Enter Prince, enter Capulets… (5.3.188-193)

                                    Enter the PRINCE [with others].

PRINCE                       What misadventure is so early up,

                                    That calls our person from our morning rest?

                                    Enter Capels [CAPULET, LADY CAPULET]

CAPULET                    What should it be that is so shrieked abroad?

LADY CAPULET         O, the people in the street cry ‘Romeo’,

                                    Some ‘Juliet’, and some ‘Paris’, and all run

                                    With open outcry toward our monument. (5.3.188-193)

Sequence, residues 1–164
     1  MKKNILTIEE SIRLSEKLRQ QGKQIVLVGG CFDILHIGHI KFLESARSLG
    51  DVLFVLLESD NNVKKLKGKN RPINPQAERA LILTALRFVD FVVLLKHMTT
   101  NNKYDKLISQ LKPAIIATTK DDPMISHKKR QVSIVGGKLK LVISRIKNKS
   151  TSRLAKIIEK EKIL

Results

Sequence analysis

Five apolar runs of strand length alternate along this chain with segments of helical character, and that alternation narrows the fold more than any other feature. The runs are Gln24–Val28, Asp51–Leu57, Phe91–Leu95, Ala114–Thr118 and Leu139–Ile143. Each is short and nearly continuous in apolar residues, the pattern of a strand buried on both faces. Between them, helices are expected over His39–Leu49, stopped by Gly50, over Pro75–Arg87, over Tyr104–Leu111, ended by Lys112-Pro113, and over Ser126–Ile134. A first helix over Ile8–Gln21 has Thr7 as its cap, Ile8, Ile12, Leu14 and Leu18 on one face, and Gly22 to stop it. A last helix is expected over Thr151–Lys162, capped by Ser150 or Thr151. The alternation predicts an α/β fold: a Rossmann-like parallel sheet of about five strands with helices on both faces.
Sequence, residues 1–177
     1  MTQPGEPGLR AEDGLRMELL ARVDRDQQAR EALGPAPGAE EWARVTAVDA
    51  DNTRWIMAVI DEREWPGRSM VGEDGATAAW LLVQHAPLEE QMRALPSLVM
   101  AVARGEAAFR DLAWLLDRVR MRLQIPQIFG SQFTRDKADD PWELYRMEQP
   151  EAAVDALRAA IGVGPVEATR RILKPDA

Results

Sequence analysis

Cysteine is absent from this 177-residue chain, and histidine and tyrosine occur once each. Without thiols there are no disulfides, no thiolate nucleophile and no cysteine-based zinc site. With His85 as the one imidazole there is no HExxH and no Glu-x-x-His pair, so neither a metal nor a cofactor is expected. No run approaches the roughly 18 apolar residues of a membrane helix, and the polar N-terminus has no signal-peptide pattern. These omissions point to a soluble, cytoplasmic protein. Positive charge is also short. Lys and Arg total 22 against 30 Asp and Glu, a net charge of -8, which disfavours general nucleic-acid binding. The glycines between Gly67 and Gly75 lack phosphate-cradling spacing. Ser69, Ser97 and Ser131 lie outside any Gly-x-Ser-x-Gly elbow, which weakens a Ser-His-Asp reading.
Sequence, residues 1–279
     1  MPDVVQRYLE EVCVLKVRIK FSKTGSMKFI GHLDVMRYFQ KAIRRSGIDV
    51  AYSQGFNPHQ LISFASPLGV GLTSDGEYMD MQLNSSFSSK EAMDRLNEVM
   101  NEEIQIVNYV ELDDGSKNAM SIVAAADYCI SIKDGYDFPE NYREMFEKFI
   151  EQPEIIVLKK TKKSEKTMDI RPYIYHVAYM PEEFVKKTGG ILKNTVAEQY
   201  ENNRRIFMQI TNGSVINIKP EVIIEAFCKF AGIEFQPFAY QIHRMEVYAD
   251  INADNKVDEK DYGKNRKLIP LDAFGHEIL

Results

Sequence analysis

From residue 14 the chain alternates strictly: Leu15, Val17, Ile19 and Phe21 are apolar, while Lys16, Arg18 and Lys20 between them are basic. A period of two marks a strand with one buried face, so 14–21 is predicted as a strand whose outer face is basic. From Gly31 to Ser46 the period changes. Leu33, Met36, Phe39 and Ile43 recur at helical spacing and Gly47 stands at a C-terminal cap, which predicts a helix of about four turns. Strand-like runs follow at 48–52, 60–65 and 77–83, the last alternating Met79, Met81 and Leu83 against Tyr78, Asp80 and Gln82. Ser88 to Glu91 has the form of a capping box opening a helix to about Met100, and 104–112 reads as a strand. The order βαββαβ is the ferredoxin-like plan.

Misadventure. A Prologue word: the misadventured piteous overthrows of the lovers. (The Captain used piteous a few lines previously, too.) A sign, perhaps, that the plot-summary of the Prologue is about to be recapitulated, as the evidence is pieced together and the story told, and the play comes to an end. In this scene, too, the public world of Verona (fair Verona, where we lay our scene) is going to be present once again, in the person of the Prince (especially if it were he who spoke the Prologue) and, in the Capulets’ lines here, in the evocation of the people in the street, caught up in a tragedy which has already somehow become public knowledge, and of common concern. (Like the feud.) The Capulets don’t have much to work with here, but the noisiness and busy-ness of what they describe – shrieking, open outcry, running – can also stand for their jumpiness, their fear, their pain – or perhaps be contrasted with their numbness, their incomprehension. (They have, we must remember, just buried their only daughter; they’re already in a terrible state.) Outside the tomb all is noise and activity; inside, silence and stillness. We know what’s happened, all of it; as yet, the people most involved, the families, have no idea.


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